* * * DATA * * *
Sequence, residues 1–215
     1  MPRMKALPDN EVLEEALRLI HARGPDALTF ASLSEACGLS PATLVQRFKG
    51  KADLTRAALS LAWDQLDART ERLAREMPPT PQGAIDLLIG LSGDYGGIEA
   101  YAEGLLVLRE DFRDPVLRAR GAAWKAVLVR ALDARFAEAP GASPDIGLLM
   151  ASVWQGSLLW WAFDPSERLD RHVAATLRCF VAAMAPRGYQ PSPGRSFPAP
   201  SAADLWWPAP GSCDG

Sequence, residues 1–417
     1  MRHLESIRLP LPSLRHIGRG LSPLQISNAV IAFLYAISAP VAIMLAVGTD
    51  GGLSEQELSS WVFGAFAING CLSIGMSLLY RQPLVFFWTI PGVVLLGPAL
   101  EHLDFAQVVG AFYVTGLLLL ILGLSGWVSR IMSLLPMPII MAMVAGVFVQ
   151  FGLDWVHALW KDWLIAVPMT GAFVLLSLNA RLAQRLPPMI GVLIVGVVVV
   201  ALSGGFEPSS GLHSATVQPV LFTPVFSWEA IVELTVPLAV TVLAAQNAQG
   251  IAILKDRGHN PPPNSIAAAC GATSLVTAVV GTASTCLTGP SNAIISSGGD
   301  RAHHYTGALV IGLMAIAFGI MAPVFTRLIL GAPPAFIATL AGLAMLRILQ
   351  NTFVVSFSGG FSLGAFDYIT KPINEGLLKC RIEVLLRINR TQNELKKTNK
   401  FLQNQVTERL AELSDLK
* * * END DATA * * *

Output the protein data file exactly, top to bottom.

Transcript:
Sequence, residues 1–215
     1  MPRMKALPDN EVLEEALRLI HARGPDALTF ASLSEACGLS PATLVQRFKG
    51  KADLTRAALS LAWDQLDART ERLAREMPPT PQGAIDLLIG LSGDYGGIEA
   101  YAEGLLVLRE DFRDPVLRAR GAAWKAVLVR ALDARFAEAP GASPDIGLLM
   151  ASVWQGSLLW WAFDPSERLD RHVAATLRCF VAAMAPRGYQ PSPGRSFPAP
   201  SAADLWWPAP GSCDG

Sequence, residues 1–417
     1  MRHLESIRLP LPSLRHIGRG LSPLQISNAV IAFLYAISAP VAIMLAVGTD
    51  GGLSEQELSS WVFGAFAING CLSIGMSLLY RQPLVFFWTI PGVVLLGPAL
   101  EHLDFAQVVG AFYVTGLLLL ILGLSGWVSR IMSLLPMPII MAMVAGVFVQ
   151  FGLDWVHALW KDWLIAVPMT GAFVLLSLNA RLAQRLPPMI GVLIVGVVVV
   201  ALSGGFEPSS GLHSATVQPV LFTPVFSWEA IVELTVPLAV TVLAAQNAQG
   251  IAILKDRGHN PPPNSIAAAC GATSLVTAVV GTASTCLTGP SNAIISSGGD
   301  RAHHYTGALV IGLMAIAFGI MAPVFTRLIL GAPPAFIATL AGLAMLRILQ
   351  NTFVVSFSGG FSLGAFDYIT KPINEGLLKC RIEVLLRINR TQNELKKTNK
   401  FLQNQVTERL AELSDLK